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Recknsense: Empathy and Cooperation among Humans and Machines 

Welcome to the first newsletter from Recknsense. This blog started a few months ago as a place to post short ideas and observations for how we can develop technology that's better for humans. By better we mean, more equality, more inclusivity, promoting more happiness and generally leading us down a better path. We know there are issues from AI bias to privacy and we'll only solve these if we try to come up with new ideas and observations that might lead to a better alternative. The inspiration for this was partly from the 'commonplace book' where inventors of the past collected their ideas, observations, references and quotes so they could make connections and share their notes with others. We hope this will grow into a community for other people who feel the same, to contribute and connect to others. This week, the theme has been empathy and cooperation with 3 new posts, one reference based on a book about the origins of society, one observation based on new research and one idea built on the idea of empathy being developed in machines without the need for any emotion detection. Please check these out and some of our older posts then let us know what you think.

Reference: Notes on the book by evolutionary biologist Edward O. Wilson (Pulitzer Prize winner) called 'The Deep Origins of Society'. In it, Wilson talks about the history and evolution of animal and human societies. Short summaries of eusociety, modularity and group selection are included.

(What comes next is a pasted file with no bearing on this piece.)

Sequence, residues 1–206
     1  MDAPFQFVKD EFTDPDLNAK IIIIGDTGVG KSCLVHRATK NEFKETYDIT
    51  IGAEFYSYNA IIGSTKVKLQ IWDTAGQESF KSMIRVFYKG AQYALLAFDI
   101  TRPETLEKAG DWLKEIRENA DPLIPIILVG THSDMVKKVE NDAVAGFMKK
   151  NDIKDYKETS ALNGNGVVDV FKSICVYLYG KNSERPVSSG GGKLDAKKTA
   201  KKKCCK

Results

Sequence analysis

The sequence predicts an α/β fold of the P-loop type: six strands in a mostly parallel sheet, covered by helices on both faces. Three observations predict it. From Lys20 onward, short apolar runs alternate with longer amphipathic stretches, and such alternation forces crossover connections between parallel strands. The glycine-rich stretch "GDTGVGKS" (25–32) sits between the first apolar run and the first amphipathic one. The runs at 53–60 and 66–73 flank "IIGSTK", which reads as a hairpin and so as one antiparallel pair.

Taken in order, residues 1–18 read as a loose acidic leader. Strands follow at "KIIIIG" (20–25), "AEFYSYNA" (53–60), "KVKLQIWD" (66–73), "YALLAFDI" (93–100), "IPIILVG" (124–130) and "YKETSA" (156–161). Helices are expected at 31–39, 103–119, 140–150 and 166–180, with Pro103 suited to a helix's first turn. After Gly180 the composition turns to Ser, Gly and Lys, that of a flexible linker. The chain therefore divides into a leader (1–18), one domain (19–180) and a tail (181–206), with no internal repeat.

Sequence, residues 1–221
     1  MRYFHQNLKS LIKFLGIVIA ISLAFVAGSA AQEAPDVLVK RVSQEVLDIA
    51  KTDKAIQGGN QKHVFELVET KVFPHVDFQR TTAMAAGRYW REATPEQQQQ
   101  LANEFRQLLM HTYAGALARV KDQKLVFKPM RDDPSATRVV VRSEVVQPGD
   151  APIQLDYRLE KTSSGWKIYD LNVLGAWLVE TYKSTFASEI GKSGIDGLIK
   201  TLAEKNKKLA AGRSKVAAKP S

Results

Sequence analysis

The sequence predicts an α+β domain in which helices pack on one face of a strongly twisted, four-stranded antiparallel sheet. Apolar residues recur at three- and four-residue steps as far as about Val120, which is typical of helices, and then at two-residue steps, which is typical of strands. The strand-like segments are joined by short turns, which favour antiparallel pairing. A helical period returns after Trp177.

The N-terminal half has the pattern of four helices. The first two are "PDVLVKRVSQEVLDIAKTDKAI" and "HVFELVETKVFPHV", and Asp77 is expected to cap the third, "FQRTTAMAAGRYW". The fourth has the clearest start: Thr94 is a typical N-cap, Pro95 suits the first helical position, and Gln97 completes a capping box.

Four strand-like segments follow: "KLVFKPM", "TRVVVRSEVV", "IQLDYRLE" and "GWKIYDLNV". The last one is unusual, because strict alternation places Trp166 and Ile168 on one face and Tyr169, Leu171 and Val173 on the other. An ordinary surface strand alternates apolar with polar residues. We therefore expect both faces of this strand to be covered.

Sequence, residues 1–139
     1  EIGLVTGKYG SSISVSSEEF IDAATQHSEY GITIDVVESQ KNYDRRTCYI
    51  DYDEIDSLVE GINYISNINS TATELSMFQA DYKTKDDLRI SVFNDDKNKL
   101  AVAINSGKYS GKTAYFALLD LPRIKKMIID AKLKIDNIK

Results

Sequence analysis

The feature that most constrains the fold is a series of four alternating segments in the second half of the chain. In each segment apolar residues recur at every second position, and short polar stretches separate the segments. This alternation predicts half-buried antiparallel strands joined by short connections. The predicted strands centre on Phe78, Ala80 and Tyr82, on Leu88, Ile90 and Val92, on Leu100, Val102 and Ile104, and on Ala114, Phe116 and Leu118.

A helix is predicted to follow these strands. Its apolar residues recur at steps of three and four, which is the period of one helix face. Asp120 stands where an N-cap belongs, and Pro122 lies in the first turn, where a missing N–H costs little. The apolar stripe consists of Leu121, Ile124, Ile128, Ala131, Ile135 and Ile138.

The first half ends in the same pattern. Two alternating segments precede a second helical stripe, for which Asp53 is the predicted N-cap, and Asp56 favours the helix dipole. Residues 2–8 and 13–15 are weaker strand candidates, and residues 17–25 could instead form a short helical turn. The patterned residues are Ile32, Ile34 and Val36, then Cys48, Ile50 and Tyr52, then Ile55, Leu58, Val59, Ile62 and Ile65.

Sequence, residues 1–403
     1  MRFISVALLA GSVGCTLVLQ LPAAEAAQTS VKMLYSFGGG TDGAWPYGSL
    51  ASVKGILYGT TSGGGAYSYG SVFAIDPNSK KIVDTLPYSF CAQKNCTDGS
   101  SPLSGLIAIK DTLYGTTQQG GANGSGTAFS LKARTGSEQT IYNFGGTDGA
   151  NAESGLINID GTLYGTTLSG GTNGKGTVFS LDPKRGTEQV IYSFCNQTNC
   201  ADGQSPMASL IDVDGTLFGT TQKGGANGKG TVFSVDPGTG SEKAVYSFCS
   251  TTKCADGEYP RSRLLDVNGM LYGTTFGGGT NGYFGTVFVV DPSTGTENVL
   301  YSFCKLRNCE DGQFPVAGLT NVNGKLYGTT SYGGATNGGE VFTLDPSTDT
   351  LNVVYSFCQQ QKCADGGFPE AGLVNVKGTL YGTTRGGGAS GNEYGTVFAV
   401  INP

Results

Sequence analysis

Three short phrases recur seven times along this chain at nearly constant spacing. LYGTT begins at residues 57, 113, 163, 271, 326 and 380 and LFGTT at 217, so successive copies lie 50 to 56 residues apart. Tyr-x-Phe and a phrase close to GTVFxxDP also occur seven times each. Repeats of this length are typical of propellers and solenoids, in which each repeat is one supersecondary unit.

Observation: Empathy is a big driver of cooperation. Recent research showed that empathy promoted more cooperation than reputation as we previously had thought. 
 
Idea: AI needs empathy but it doesn't need to be emotional. In this post we discuss the ways machines or software can be empathic by using information to know a human and their situation better. Without the need for emotion detection or complex algorithms, we can develop empathy by being aware the way any person would.
Idea: Platforms can do more to help control our perceived identities online. Even without the complications of AI bias, we could take steps to protect and control our identity on our networks.
While this is still a work in progress, we'd appreciate any feedback on the site or suggestions for connections we should make. If you have a topic you want to recommend or are interested in writing a guest post, please get in touch.

Thanks for reading!
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